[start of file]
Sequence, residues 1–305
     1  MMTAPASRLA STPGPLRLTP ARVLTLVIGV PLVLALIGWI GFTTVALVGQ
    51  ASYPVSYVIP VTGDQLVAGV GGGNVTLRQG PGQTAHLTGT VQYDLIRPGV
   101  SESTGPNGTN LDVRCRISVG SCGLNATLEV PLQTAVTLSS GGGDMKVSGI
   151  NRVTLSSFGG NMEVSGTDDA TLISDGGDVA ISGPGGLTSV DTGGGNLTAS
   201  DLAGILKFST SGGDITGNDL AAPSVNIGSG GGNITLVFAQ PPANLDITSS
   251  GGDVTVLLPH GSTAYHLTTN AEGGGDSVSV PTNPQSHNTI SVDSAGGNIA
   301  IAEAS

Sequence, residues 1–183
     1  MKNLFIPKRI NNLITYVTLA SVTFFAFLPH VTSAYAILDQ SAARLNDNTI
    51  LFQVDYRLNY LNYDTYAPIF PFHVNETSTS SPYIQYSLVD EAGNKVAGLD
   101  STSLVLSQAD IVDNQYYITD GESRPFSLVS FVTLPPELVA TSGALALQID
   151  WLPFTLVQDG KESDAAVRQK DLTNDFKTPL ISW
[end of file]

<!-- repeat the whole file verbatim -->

Sequence, residues 1–305
     1  MMTAPASRLA STPGPLRLTP ARVLTLVIGV PLVLALIGWI GFTTVALVGQ
    51  ASYPVSYVIP VTGDQLVAGV GGGNVTLRQG PGQTAHLTGT VQYDLIRPGV
   101  SESTGPNGTN LDVRCRISVG SCGLNATLEV PLQTAVTLSS GGGDMKVSGI
   151  NRVTLSSFGG NMEVSGTDDA TLISDGGDVA ISGPGGLTSV DTGGGNLTAS
   201  DLAGILKFST SGGDITGNDL AAPSVNIGSG GGNITLVFAQ PPANLDITSS
   251  GGDVTVLLPH GSTAYHLTTN AEGGGDSVSV PTNPQSHNTI SVDSAGGNIA
   301  IAEAS

Sequence, residues 1–183
     1  MKNLFIPKRI NNLITYVTLA SVTFFAFLPH VTSAYAILDQ SAARLNDNTI
    51  LFQVDYRLNY LNYDTYAPIF PFHVNETSTS SPYIQYSLVD EAGNKVAGLD
   101  STSLVLSQAD IVDNQYYITD GESRPFSLVS FVTLPPELVA TSGALALQID
   151  WLPFTLVQDG KESDAAVRQK DLTNDFKTPL ISW